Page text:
The key to enjoying a carnival is knowing when to call it quits. For Rodgers and Hammerstein’s beloved tale about a ne’er-do-well carney who hits his wife out of love (!), that day may have finally come. Rather than reckon with why even a canonical favorite might feel so uncomfortable right now, a new production of Carousel seems to simply hope we haven’t yet realized that the stories we choose to tell actually matter.
The latest revival, which opens tonight at the Imperial Theatre (the musical’s fifth in New York since 1945), is very handsomely staged by director Jack O’Brien and exquisitely sung by its stars Joshua Henry, Jessie Mueller, and opera diva Renée Fleming. But the feeling it inspires can perhaps best be expressed by the grit-teeth emoji.
First comes the wide smile, for Santo Loquasto’s Hopper-inspired vision of coastal Maine, and Ann Roth’s chic turn-of-the-century finery. For a knockout Lindsay Mendez, whose name isn’t above the title this time but will be the next. For Justin Peck’s rigorous, balletic choreography. For songs many fans will know and love, including “If I Loved You,” “June Is Bustin’ Out All Over,” and “You’ll Never Walk Alone.”
That second act ballad draws Fleming’s most resounding ovation as Nettie Fowler, comforting her younger cousin Julie Jordan (played by Mueller). Julie’s just lamented over her husband Billy’s deathbed, “I know why you hit me. You were quick-tempered and unhappy.”
Before we grimace too hard, let’s back up.
ulie meets Billy Bigelow (played by Henry), a barker at the town carousel, during the overture when he puts his arm around her on the ride. In the next scene later that night, she’s demure and he’s gruff. She winds up missing curfew and getting fired from the mill where she works. He’s likewise canned for consorting with a patron, and his boss Mrs. Mullin (a droll Margaret Colin) derides him as an “upstart” (to be fair, she also calls Julie’s sunny friend Carrie, played by Mendez, a “hussy,” which she certainly is not).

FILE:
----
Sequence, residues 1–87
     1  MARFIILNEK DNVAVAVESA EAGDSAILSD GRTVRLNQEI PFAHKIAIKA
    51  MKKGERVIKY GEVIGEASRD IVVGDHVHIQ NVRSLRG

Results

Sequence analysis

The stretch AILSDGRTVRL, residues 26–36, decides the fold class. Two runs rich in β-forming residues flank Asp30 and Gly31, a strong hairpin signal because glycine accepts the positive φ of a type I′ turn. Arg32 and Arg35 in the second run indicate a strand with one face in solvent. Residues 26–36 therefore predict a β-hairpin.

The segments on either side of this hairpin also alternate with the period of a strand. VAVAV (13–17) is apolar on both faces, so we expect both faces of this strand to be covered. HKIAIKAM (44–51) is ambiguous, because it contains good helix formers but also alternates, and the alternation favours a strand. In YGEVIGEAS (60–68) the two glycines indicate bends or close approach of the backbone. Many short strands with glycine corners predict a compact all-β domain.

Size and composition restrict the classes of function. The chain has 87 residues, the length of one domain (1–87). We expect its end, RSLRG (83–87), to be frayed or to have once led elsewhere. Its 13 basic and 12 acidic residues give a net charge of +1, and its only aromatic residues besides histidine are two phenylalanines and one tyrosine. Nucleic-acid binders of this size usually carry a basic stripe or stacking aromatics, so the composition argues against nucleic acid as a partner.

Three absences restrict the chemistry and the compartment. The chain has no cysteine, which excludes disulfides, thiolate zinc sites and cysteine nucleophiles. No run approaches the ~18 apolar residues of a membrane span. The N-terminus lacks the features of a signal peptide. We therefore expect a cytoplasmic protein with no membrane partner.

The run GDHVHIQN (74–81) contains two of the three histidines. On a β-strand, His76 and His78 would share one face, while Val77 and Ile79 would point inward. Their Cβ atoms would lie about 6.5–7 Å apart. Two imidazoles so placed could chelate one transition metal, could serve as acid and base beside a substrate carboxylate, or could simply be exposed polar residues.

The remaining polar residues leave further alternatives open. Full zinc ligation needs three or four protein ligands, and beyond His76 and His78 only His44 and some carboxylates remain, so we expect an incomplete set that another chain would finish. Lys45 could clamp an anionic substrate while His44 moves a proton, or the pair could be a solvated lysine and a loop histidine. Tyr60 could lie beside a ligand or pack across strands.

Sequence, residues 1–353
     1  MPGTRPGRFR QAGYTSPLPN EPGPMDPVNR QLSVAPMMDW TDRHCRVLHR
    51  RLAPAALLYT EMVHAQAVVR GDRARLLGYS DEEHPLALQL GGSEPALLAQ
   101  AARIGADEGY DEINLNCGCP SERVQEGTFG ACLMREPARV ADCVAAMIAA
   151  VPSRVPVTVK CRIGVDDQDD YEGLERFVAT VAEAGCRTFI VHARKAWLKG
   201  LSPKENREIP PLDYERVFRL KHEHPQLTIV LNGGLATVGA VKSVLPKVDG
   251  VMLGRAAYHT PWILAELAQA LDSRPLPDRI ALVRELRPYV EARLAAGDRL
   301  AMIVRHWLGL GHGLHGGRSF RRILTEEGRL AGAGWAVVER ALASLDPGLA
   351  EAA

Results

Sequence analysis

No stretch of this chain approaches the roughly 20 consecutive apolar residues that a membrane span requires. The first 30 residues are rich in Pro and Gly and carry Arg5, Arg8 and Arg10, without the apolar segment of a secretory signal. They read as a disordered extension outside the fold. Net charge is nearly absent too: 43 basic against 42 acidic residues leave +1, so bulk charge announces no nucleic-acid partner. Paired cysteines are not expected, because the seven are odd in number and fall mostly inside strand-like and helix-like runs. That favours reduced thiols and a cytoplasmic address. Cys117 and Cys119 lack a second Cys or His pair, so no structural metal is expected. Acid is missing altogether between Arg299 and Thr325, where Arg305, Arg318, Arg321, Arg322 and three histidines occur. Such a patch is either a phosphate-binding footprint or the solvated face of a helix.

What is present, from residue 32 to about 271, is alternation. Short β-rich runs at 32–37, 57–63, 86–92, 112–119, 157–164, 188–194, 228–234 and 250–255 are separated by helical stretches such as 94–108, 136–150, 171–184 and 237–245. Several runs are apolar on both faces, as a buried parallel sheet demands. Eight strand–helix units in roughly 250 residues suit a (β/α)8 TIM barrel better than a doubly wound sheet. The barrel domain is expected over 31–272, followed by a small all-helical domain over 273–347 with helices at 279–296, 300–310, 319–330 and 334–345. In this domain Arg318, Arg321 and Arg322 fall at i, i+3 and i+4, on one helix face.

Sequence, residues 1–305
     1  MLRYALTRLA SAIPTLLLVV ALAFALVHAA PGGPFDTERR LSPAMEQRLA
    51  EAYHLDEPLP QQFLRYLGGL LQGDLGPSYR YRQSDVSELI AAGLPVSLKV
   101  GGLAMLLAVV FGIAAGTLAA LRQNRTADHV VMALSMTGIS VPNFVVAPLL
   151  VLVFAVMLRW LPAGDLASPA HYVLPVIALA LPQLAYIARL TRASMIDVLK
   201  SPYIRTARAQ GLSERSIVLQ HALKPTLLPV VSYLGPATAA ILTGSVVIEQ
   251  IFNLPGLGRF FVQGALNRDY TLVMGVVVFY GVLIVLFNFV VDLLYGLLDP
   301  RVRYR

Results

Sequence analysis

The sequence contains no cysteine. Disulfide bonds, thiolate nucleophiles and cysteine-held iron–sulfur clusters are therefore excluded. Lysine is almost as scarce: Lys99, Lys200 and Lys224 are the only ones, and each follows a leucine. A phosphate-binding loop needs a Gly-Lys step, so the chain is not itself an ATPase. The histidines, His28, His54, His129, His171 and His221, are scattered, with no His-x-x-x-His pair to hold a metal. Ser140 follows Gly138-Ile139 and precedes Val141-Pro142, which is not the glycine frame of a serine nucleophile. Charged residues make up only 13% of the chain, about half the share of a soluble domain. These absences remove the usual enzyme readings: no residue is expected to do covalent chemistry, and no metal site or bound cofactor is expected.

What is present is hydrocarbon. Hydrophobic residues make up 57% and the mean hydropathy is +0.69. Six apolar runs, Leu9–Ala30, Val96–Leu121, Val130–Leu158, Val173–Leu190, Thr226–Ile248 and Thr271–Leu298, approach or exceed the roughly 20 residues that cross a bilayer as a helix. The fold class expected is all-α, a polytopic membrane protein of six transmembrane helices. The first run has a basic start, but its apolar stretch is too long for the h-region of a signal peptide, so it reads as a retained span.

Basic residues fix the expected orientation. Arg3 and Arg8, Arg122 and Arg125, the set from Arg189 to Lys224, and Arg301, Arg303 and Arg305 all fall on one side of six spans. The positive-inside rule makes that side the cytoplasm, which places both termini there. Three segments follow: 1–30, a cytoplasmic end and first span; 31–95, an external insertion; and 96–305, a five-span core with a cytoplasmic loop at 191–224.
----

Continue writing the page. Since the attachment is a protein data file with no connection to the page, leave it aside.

Language like that carries a different cadence directed at a Black man like Henry’s Bigelow, as do Mrs. Mullin’s insinuations of his sexual prowess.
At least for the first act, it seems O’Brien intends for audiences see a layer of racial politics overtop the musical’s existing class divisions, particularly as the story is set just a few decades after emancipation. Billy’s struggle to provide for Julie, and his reputation as a brute, seem colored here by cultural conceptions of Black masculinity. His friend Jigger (Amar Ramasar, a principal dancer with New York City Ballet) is likewise a person of color; when the two hatch a plan to rob Julie’s former boss, their shared difference from the community is difficult to overlook.
But O’Brien’s untimely revival ultimately lacks the conviction to follow through with what at first seems like a bold, even insightful, interpretation of a problematic fave. When Billy looks in on his family from the afterlife (he kills himself when the robbery goes wrong), his now-teenage daughter is white. Brittany Pollack, a virtuosic soloist also with New York City Ballet, brings a lithe, expressive innocence to the role. But Louise’s ostracization from the town because of her late father’s reputation doesn’t track as it would were she played by a mixed-race actress.
In hedging back on colorblindness, the production drops what might have been its most compelling artistic choice, just as it cuts a line here or there to make Carousel’s gender politics less cringe-worthy to modern ears. (Julie no longer confirms to Louise, “It’s possible, dear — fer someone to hit you — hit hard — and not hurt at all,” when Louise’s father whacks his daughter from beyond the grave. Thank producers for small blessings?)
O’Brien’s romantic visual staging delights in the elements — water splashing when sailors jump in the harbor, blossoms dancing down from treetops, salt-of-the-earth characters striving to live well. But this Carousel doesn’t share the same air that we do — the only way to enjoy the ride may be to hold your breath.
Carousel is at the Imperial Theatre, 249 W 45th Street, NYC. Click here for the website